On March 8th 2015 I decided to post a comic strip from Camila Torrano which depicts, although in a slightly dramatized way, one of the very many interactions between a male gamer and a female gamer.
To give a little bit of background, I am a gamer. The first time that I played a video game I was probably around 7 or 8 years old. Having an older brother, who was five years older than me, made it so that even thought I was forced to deal with very stereotypical views of what being a girl is or should be, I had access to “boy’s things”. Although I hated receiving Barbies and Barbie houses, makeup, jewelry making kits and the sort, when the house was quiet, my mother busy, and my brother out of the house and so out of the room that we shared for a few years, I had access to video games, which he had because he was a boy. I think my first video game experience was with Sonic the hedgehog, and it was an experience my child mind will always cherish.
Jump back to me being around 14 years old, my brother had received Diablo II either at a birthday or some other occasion, and I was able to sneak a few minutes here and there with the game, but because my computer time was limited, unless my brother’s, I was never able to truly enjoy the game for as much as I wanted until I was much older. Interestingly enough, my brother was never a gamer. It was interesting to see that even though he was the one receiving these sorts of things, my brother preferred being outdoor surrounded by his friends while I longed for video games and their stories.
Now as a 24 years old, I game nearly full time. I prioritize gaming above nearly any other sort of activities besides perhaps reading, I have worked with Ubisoft and Eidos, I have helped friends with their own video game projects and studied programming for a while just in case of a mid life crisis and possible change of heart -But I am still a writer and will most likely never work on a video game in the technical way. And so, the comic made much sense to me. It was a familiar situation that I have experienced all of my life anytime a man finds out that I am a gamer. I am questioned, asked to prove “how much of a gamer I am”, if I’d fail to have played a specific game or prefer a genre to another, I’d fail his entire test and would either be called a “fake gamer” or the detested “gamer girl” which is wrong for so many reasons, but I won’t go into why right now.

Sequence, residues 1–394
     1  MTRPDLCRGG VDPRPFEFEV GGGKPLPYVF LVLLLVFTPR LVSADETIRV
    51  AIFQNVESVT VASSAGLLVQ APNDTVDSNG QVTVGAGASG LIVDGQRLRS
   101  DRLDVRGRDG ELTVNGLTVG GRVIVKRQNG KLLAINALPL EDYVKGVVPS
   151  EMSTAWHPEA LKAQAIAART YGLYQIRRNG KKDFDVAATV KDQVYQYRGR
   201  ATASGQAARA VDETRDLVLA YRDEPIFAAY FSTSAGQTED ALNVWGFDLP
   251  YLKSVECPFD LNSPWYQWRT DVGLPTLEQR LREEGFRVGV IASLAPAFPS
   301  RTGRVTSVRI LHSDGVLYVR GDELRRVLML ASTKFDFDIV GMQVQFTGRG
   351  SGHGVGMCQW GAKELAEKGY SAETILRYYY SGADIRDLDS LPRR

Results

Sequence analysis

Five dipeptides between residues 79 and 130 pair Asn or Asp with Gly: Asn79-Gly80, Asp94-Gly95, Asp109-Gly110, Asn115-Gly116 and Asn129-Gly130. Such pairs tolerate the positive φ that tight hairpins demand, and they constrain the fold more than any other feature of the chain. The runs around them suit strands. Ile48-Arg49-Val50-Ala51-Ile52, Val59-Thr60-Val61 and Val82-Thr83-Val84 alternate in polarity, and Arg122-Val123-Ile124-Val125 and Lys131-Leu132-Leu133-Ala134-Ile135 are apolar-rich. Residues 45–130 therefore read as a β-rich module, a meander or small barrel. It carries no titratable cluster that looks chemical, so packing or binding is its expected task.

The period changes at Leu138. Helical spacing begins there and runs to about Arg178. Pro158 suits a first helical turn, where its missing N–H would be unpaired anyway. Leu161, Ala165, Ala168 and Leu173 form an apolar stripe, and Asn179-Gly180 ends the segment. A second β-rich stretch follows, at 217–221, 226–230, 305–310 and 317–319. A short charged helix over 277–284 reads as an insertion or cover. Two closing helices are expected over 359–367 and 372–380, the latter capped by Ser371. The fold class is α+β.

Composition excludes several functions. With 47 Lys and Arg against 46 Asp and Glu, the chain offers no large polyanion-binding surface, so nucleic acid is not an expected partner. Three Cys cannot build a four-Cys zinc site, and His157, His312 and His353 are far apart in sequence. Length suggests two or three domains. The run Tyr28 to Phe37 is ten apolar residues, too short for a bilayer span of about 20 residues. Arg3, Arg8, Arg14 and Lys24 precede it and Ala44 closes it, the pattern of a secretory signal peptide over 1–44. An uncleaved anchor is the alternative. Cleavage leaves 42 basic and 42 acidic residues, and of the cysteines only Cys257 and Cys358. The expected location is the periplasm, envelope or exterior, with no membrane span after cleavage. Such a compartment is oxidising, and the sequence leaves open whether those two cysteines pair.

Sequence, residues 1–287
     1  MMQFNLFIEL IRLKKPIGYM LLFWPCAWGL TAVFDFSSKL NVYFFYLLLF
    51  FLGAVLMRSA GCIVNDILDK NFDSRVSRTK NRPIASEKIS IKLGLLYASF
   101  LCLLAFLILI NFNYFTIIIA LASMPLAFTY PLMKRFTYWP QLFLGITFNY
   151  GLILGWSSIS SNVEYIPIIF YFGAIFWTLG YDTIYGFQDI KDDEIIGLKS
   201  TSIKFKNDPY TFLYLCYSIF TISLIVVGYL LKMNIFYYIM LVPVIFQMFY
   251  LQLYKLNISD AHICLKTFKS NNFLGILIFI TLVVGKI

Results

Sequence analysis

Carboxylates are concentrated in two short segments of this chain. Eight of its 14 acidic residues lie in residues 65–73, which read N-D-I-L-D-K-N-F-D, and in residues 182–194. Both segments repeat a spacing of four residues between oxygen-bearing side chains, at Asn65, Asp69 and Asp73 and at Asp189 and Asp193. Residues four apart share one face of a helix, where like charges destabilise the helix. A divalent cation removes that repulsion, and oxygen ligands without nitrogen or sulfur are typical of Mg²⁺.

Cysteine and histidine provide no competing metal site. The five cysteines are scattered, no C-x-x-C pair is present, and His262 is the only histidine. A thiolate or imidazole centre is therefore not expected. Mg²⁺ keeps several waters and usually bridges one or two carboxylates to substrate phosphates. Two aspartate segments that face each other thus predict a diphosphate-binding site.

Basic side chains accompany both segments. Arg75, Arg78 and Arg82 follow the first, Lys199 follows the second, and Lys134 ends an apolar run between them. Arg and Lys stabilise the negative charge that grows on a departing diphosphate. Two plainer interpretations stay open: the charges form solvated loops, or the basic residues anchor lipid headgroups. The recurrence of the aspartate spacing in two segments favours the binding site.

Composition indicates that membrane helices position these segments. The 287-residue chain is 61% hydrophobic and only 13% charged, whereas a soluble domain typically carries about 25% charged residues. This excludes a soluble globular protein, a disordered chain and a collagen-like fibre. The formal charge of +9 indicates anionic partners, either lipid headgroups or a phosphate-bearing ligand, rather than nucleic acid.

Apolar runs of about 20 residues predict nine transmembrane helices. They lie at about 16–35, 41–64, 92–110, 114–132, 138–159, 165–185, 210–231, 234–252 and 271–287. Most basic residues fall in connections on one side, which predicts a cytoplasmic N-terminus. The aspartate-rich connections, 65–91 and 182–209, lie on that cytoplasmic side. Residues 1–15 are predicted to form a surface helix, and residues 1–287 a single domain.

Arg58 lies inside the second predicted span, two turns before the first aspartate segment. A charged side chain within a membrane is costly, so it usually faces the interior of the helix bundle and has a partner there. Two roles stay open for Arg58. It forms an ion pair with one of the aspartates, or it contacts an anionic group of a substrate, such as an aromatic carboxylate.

So , on March 8th 2015, I posted the comic strip, very aware that I would probably get some sexist, misogynistic and angry responses from men who somehow want female gamers as girlfriends, but claim that there isn’t such a thing, and when there is, they will call the women fake or attention whores. Within the hour I was bombarded with comments, mostly negative, many violent, and mostly angry, I was called names, had my existence as a woman put into question, and when some women dared to step out of the shadows, they received the same treatment.
But by the end of that afternoon, I received an anonymous comment.
The comment contained my name, where I live, and where I work, and was accompanied with a death threat; that if I didn’t stop talking about this, I’d be visited by a knife, and so killed. At first, I tried not to think too much of it, but it was hard. I wasn’t very familiar with 9gag’s policies, I couldn’t report the account, I tried to contact the site twice but never got a reply, and because my information was within a comment and so made public, I simply reported it. The comment went away, I’ll never be sure if it meant it had been removed, or if it simply was that only I couldn’t see it. I was worried. I deleted whatever information I had on my 9gag account, first name, country, even changed my sex/gender from female to male in order to be “careful”, something that made me feel enraged beyond words.
Much later that night, on my personal facebook, I received another message.
Of course I was accused of lying:
The person took the time to remind me that they knew where I worked, and they also insulted me in French, which is my native language as well as the language largely used where I live. Now I was truly afraid. I sat in my room, staring at my computer screen. My partner, who was at work, was aware of what was happened since I had felt the need to talk to someone earlier that afternoon, and when I told him what had just happened, he, too, got worried.
This is when I remembered all of the stories of women within the gaming community and not even, who after receiving so many death and rape threats, as well as having their personal information plastered on the internet, are forced to move out of their homes for their own, and their families’s, safety. And so, I reluctantly called the police.